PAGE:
3M Company, together with its subsidiaries, operates as a diversified technology company worldwide. It operates in six segments: Industrial and Transportation; Health Care; Safety, Security and Protection Services; Consumer and Office; Display and Graphics; and Electro and Communications. This article was written by Dividend Growth Investor. If you enjoyed this article, please vote for it by clicking the Buzz Up! button below.
3M Company is a major component of the S&P 500 and Dow Industrials indexes. The company is also a dividend aristocrat, which has been consistently increasing its dividends for 51 consecutive years. From the end of 1998 up until December 2008 this dividend growth stock has delivered an annual average total return of 7.30% to its shareholders.
At the same time company has managed to deliver an impressive 9.40% average annual increase in its EPS since 1999. In 2008 the EPS fell by 12%. The expectations for 2009 are for another drop in EPS to almost $4/share and an increase in 2010. Over the long run however, earnings for this conglomerate are relatively diversified which is a decent buffer during recessions.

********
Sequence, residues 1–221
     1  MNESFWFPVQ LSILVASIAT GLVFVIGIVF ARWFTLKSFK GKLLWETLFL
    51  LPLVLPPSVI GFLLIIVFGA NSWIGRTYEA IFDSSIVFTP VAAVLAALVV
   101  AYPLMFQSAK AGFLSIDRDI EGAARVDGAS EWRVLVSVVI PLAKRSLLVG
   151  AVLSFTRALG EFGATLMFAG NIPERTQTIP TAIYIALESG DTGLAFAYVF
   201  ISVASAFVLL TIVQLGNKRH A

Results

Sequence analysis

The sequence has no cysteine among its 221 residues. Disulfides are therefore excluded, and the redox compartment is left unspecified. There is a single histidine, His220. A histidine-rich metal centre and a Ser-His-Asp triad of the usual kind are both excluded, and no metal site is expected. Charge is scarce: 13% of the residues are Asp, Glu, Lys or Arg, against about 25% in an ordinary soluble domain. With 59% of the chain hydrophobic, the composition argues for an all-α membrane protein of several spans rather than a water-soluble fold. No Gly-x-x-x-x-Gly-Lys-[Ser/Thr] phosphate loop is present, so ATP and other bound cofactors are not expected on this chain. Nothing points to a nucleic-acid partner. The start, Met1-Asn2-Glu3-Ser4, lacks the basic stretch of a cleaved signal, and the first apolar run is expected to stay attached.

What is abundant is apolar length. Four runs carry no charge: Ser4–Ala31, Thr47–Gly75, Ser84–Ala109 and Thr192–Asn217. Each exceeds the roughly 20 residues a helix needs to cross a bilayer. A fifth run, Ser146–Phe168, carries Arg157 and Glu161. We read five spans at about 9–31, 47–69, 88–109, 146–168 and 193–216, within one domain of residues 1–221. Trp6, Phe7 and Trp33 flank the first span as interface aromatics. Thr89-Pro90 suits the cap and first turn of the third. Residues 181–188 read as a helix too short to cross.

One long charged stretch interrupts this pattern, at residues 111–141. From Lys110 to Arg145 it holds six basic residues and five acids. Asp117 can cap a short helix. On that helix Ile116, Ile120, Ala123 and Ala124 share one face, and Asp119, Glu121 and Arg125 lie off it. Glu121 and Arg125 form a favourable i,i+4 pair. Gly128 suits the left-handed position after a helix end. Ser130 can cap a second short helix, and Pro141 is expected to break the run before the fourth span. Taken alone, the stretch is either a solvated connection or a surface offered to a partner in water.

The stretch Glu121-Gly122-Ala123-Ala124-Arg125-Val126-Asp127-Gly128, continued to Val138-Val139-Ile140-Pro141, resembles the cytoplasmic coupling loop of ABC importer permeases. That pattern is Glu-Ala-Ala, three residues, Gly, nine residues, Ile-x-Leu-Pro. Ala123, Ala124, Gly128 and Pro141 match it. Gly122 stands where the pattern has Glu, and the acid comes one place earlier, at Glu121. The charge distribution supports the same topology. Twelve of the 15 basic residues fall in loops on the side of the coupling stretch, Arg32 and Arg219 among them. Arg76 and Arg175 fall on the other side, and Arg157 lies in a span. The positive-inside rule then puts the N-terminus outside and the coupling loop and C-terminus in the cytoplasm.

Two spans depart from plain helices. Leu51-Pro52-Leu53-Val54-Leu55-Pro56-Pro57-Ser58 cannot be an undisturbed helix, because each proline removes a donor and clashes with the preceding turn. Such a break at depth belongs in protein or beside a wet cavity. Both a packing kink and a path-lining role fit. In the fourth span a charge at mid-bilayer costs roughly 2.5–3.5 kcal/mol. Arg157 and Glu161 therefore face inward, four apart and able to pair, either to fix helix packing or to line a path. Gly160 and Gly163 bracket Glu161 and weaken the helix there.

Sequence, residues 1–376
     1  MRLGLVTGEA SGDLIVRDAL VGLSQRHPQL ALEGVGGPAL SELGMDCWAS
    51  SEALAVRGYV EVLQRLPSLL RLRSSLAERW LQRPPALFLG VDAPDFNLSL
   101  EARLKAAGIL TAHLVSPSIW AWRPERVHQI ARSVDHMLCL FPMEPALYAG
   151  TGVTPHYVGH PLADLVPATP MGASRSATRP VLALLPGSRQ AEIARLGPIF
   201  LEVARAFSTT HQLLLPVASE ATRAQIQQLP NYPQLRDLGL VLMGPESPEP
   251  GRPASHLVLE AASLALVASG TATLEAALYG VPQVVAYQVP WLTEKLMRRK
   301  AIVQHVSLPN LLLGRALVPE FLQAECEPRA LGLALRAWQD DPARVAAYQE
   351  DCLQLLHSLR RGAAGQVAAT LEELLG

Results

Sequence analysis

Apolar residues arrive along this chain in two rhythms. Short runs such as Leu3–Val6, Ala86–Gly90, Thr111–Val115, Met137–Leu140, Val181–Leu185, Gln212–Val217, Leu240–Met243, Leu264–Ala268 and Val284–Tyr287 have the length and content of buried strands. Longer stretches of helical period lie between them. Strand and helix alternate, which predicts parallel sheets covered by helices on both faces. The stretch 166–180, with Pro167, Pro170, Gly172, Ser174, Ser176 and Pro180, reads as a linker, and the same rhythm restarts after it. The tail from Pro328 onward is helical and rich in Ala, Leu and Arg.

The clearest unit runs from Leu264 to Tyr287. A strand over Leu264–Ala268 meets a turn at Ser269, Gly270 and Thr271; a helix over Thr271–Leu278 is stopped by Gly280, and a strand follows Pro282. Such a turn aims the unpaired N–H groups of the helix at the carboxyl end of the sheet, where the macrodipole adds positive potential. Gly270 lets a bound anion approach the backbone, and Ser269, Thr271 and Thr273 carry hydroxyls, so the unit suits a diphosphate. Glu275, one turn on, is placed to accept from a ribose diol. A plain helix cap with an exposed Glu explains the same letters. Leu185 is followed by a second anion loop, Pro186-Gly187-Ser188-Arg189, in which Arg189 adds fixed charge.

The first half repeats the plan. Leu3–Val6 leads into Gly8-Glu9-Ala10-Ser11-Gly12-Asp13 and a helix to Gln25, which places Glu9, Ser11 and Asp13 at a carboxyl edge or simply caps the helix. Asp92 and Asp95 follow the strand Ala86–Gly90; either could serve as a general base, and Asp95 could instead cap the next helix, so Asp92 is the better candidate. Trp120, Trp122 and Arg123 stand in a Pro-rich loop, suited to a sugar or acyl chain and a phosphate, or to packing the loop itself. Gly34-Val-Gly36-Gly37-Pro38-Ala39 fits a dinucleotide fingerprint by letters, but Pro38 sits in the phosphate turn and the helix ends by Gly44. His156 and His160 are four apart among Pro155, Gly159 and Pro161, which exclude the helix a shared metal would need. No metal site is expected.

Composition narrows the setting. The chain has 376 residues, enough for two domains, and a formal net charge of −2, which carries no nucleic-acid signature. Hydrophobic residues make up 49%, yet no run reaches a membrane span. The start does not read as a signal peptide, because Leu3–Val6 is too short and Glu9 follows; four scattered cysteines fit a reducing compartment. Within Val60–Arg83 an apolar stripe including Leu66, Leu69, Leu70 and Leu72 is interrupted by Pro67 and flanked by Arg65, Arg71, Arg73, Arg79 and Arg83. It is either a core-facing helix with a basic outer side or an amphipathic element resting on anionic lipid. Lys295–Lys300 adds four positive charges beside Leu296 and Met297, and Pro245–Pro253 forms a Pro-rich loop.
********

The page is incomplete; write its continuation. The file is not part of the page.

The ROE has remained largely between 29% and 38% with the exception of a temporary dip in 2001 to 23%.
Annual dividends have increased by an average of 6.70% annually since 1999, which is lower than the growth in EPS. Most recently the company increased its dividends by 2% to $0.51/quarter. MMM typically enjoys a slow dividend growth during tough economic conditions, while compensating with stronger dividend growth during boom times. 3M’s dividend is safe, given the strong cashflows that the company generates from its diversified businesses.
A 7 % growth in dividends translates into the dividend payment doubling almost every ten years. Since 1973 3M has actually managed to double its dividend payment on average almost every nine years.
The dividend payout has steadily decreased over the past decade; due to the fact the dividend growth was much slower than earnings growth. Currently the payout is a little over 50%, which good. A lower payout is always a plus, since it leaves room for consistent dividend growth minimizing the impact of short-term fluctuations in earnings.
3M is currently attractively valued. The stock trades at a P/E of 10.5, yields 4.20% and has an adequately covered dividend payment. I would be a buyer of 3M at current prices, as long as it does not increase above $68.
Full Disclosure: Long MMM
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